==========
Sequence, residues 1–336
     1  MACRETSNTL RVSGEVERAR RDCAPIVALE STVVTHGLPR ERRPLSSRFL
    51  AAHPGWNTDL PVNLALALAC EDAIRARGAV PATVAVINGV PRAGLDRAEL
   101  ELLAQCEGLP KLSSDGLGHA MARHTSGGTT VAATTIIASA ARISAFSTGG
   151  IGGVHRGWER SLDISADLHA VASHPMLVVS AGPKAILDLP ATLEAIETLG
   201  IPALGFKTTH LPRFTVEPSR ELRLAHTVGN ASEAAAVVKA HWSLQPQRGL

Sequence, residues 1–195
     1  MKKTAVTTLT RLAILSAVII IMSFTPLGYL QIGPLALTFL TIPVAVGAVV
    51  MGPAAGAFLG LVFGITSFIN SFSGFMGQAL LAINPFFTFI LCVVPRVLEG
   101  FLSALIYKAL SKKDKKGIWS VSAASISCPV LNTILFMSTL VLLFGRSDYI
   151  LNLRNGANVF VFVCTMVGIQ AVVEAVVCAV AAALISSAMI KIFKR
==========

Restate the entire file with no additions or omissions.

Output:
Sequence, residues 1–336
     1  MACRETSNTL RVSGEVERAR RDCAPIVALE STVVTHGLPR ERRPLSSRFL
    51  AAHPGWNTDL PVNLALALAC EDAIRARGAV PATVAVINGV PRAGLDRAEL
   101  ELLAQCEGLP KLSSDGLGHA MARHTSGGTT VAATTIIASA ARISAFSTGG
   151  IGGVHRGWER SLDISADLHA VASHPMLVVS AGPKAILDLP ATLEAIETLG
   201  IPALGFKTTH LPRFTVEPSR ELRLAHTVGN ASEAAAVVKA HWSLQPQRGL

Sequence, residues 1–195
     1  MKKTAVTTLT RLAILSAVII IMSFTPLGYL QIGPLALTFL TIPVAVGAVV
    51  MGPAAGAFLG LVFGITSFIN SFSGFMGQAL LAINPFFTFI LCVVPRVLEG
   101  FLSALIYKAL SKKDKKGIWS VSAASISCPV LNTILFMSTL VLLFGRSDYI
   151  LNLRNGANVF VFVCTMVGIQ AVVEAVVCAV AAALISSAMI KIFKR